Every semester, Texas State University showcases the greatest talent of the art department with the BFA Thesis Exhibition at the University Galleries.
In the BFA Exhibitions, all mediums of art are featured including photography, painting, ceramics, printmaking and metals. Here are three of the seniors who were showcased in this spring semester’s exhibition.
Brie Henderson, studio art senior, has three oil paintings showcased at the BFA Thesis Exhibition.
Henderson has had an interest in art since she was a little girl, beginning when her mom taught her how to color inside the lines.
“Later on I wanted to get good at doing shadows, highlights and stuff like that so it continued on from there,” Henderson said. “Also, I didn’t have any other area I was interested in so it seemed like the direction I should go.”
When deciding what type of art to pursue, Henderson chose painting because she noticed most galleries display paintings rather than drawings.
Specializing in acrylic and oil paintings with styles including impressionism and German expressionism, Henderson featured a set of three oil canvas paintings of two female nude models. Two of the canvases are 2×3 feet and the third one is 5×4 feet. The two smaller canvases are titled “Redress and Blue Daisy” and the larger one is titled “Alyx.”
“My work deals with characteristics of a person and their personalities,” Henderson said.
Henderson plans to attend the University of Washington in St. Louis after her graduation in May to earn her masters in fine arts.
Amanda Bartlett, studio art senior, had five wearable sculptures on display for this semester’s BFA Thesis Exhibition.
Since she was young, Bartlett has wanted to be an artist and has been encouraged by family and teachers to do so.
“I’m kind of the wildcard in my family because I come from a family of doctors and stuff like that, so I’m definitely the far left field one,” Bartlett said. “I was just really lucky to have people who encouraged me to do what I wanted to do.”
Initially, metals were not exactly what Bartlett had in mind as her main medium to work with, but became a strong interest after a class project.
“It’s the true love story of my life, I don’t think I’ve ever experienced something so amazing,” Bartlett said, “The ability to harness a raw source from the Earth and be able to change it and to put color on it and being able to just love the process of what you’re doing just as much as the finished outcome is what made me pursue metals.”
In the exhibition Bartlett displayed pieces including necklaces and brooches in an intricate and complex way, making her display look like an altar.
“I displayed them as sculptures and I accompanied my work with over 100 Polaroid photos that gave context to the work,” Bartlett said. “Then I had my work on three pedestals and all the pieces were on a mirror so you could see the back because the back is just as important as the front.”
To create all the pieces that were displayed in this semester’s exhibit, it took Bartlett thousands of hours as she had to go through special processes to make the sculptures, such as beating pigskin and hand-cutting and piercing the metals.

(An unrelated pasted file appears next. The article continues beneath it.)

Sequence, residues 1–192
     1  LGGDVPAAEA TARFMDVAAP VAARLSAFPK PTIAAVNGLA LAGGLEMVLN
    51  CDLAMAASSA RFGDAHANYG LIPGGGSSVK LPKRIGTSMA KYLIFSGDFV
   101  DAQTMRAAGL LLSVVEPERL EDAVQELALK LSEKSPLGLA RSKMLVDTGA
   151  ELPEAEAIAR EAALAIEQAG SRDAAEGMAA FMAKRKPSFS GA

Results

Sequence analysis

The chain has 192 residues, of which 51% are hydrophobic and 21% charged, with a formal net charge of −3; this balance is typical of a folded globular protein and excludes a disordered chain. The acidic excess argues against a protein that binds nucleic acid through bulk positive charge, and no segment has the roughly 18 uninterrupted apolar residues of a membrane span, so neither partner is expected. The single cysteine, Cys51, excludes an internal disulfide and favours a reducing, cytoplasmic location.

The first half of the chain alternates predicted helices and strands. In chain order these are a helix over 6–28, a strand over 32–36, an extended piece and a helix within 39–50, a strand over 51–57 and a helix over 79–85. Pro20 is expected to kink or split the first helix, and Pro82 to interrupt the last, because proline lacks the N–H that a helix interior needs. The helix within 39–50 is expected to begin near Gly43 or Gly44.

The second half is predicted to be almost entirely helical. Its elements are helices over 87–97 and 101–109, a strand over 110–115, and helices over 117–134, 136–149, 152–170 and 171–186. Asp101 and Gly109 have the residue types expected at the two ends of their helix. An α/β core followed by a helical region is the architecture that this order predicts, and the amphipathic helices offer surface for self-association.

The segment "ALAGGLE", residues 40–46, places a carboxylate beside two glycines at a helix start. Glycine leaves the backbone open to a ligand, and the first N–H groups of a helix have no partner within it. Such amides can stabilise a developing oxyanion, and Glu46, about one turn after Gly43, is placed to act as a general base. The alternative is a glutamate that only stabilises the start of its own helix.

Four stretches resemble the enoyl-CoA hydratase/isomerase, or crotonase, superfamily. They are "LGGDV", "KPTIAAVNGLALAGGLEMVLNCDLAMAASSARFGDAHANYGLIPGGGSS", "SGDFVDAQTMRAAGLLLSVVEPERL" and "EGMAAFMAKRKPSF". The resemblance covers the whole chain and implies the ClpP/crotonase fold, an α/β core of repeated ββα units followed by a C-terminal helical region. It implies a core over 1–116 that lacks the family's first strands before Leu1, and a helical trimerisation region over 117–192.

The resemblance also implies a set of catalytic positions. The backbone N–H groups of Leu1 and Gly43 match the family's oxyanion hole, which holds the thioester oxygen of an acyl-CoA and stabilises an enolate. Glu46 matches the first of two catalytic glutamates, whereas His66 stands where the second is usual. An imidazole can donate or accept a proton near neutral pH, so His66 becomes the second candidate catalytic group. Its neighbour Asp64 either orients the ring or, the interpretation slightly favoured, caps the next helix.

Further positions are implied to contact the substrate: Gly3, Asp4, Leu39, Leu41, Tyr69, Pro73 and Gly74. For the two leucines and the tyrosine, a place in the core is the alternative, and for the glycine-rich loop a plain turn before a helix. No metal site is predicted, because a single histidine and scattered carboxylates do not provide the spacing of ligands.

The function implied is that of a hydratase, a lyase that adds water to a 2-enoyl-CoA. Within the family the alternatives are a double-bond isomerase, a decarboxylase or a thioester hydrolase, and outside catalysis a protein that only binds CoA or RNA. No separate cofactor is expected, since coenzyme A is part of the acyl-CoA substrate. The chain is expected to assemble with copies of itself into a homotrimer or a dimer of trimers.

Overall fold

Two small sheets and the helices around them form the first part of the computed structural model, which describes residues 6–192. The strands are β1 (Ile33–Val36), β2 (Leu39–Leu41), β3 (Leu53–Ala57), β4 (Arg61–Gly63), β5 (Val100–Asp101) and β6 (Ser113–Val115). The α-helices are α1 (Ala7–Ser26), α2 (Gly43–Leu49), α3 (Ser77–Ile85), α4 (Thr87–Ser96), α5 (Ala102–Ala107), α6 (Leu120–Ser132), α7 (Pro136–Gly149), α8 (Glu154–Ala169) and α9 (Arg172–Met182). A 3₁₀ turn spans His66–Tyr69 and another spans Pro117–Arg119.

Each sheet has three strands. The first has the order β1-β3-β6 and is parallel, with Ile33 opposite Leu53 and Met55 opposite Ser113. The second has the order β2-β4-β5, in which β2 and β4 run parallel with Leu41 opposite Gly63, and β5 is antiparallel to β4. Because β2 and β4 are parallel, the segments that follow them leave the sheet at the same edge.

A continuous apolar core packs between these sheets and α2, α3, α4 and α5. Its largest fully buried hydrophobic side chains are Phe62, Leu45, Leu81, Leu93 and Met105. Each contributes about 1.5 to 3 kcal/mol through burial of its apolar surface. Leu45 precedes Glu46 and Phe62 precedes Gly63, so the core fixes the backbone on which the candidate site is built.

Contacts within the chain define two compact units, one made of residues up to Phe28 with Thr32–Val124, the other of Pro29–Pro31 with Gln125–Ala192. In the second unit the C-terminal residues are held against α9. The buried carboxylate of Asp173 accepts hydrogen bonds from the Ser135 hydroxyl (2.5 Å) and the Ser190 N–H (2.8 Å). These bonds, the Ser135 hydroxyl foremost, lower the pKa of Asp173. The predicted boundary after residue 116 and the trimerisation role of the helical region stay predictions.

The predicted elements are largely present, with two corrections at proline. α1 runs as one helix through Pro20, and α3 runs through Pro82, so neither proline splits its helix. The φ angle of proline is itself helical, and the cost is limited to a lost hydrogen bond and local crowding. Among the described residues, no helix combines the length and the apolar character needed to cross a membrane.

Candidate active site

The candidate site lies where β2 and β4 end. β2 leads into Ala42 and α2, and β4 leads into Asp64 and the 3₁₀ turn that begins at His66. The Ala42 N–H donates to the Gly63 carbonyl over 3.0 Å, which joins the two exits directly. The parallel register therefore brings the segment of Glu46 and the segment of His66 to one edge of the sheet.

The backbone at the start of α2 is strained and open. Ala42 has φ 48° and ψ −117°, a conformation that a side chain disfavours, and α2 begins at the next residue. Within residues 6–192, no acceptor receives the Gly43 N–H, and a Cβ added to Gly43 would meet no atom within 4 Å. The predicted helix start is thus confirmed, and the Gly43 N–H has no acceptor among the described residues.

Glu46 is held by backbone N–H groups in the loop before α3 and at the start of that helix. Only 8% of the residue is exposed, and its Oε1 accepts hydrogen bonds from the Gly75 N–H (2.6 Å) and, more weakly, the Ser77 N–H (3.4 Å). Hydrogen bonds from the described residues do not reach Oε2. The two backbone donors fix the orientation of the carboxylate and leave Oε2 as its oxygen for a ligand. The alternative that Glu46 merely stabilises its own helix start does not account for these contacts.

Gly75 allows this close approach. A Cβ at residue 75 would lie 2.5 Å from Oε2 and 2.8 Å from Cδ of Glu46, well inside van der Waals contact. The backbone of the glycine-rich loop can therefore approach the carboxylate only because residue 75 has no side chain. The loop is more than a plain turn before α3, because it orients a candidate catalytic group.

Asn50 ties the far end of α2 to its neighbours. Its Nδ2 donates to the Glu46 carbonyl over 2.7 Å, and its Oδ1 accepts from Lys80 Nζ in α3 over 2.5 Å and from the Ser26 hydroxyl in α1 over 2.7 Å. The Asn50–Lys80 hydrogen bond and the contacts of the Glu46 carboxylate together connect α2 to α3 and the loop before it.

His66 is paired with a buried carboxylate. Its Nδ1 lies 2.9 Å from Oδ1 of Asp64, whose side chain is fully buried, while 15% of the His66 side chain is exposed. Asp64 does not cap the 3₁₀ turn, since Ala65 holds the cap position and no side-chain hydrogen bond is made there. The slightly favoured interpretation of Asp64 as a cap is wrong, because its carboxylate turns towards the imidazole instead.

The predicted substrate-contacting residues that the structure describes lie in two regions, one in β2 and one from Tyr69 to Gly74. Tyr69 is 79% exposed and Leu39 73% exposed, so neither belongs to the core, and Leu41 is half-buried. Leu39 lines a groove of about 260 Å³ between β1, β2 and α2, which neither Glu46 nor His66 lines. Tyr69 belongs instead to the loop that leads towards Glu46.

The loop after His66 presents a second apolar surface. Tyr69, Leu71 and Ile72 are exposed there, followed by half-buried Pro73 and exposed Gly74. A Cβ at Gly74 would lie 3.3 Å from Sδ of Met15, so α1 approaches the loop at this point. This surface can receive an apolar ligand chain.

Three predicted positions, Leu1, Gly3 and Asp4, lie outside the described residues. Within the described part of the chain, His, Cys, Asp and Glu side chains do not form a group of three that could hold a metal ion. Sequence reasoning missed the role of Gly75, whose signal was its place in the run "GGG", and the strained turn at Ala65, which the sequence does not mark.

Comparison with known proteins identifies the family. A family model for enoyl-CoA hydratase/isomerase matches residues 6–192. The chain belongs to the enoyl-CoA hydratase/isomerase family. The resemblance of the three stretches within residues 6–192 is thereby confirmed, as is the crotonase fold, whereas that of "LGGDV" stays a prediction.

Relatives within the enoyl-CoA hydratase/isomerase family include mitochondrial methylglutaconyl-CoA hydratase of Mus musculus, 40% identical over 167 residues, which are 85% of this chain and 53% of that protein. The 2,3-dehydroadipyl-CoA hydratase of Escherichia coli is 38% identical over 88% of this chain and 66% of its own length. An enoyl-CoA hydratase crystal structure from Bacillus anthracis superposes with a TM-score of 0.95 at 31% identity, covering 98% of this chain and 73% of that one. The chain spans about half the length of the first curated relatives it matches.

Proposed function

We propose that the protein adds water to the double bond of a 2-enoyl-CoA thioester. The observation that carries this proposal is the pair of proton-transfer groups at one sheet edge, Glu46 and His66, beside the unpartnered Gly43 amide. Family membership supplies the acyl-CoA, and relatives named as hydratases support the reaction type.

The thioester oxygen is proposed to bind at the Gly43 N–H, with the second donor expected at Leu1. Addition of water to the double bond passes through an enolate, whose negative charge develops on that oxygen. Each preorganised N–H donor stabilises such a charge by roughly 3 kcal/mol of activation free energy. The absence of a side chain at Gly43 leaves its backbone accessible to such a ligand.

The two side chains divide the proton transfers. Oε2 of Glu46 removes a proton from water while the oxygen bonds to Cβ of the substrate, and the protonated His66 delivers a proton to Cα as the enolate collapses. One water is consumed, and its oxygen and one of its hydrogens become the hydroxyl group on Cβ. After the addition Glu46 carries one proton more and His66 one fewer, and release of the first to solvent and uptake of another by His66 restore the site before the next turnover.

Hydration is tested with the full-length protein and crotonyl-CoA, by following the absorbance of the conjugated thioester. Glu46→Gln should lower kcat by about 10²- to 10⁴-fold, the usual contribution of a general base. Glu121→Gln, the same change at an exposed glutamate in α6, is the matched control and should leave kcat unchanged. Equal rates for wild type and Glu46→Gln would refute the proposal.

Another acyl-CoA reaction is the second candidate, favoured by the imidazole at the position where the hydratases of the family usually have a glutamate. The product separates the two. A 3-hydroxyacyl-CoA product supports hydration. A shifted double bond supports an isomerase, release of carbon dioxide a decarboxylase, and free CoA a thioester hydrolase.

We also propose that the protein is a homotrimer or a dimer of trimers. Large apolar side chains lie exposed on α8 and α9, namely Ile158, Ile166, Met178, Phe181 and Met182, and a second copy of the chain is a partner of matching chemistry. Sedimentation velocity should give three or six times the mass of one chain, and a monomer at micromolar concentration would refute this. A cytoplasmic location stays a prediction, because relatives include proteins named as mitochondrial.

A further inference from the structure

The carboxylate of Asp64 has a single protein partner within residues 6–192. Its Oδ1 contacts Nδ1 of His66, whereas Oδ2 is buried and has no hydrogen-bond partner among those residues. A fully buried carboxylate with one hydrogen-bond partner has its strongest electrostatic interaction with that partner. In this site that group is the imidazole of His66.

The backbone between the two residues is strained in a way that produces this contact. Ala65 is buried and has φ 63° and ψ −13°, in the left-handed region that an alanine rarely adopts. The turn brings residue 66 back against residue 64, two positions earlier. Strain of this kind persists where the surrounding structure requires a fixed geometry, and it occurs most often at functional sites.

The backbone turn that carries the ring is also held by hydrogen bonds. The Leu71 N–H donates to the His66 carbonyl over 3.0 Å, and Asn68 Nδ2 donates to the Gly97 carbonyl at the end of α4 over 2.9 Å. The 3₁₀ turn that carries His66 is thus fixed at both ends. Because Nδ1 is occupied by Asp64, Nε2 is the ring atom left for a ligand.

After Bartlett graduates this May, she will be leaving for Baltimore for a residency and plans to attend graduate school University of Georgia, Kent State or in San Diego.
Darryl Demps Jr.
Darryl Demps Jr., studio art senior, had one large oil painting titled Mourning in the exhibition. The piece was composed of 12 small canvas panels to create a large American flag with smaller portraits within the flag.
Unlike Henderson or Bartlett, Demps did not have interest in art until college and stumbled across his interest for painting unintentionally. Initially, Demps was a communication design major, but after complications with his portfolio and loss of interest with the major, he began to lean more towards painting.
“This semester, I ended up dropping communication design because I realized that I didn’t really enjoy it and I enjoyed painting and creating other forms of art way more,” Demps said.
For nine of the 12 panels that compose Mourning, each one features an African-American that died tragically or controversially. Some of the 27 African-American deaths Demps chose to feature include Eric Garner, Sandra Bland and Trayvon Martin.
To accompany the large painting, Demps compiled a book that features articles discussing each of the 27 deaths.
“Growing up, my whole life and my whole existence here on this earth, a recurring theme I see is black death either by police brutality, other blacks or just black death,” Demps said. “For me, I feel like I had to do something and use art as a form of my voice, and I felt like I needed to be more involved.”
After he graduates in December of this year, Demps plans to apply to as many residencies as possible so that he can continue his career in art.
The BFA Thesis Exhibit will be open until May 12. Every five days, the art department will refresh the exhibit with new student artwork to showcase. For more information, visit their website.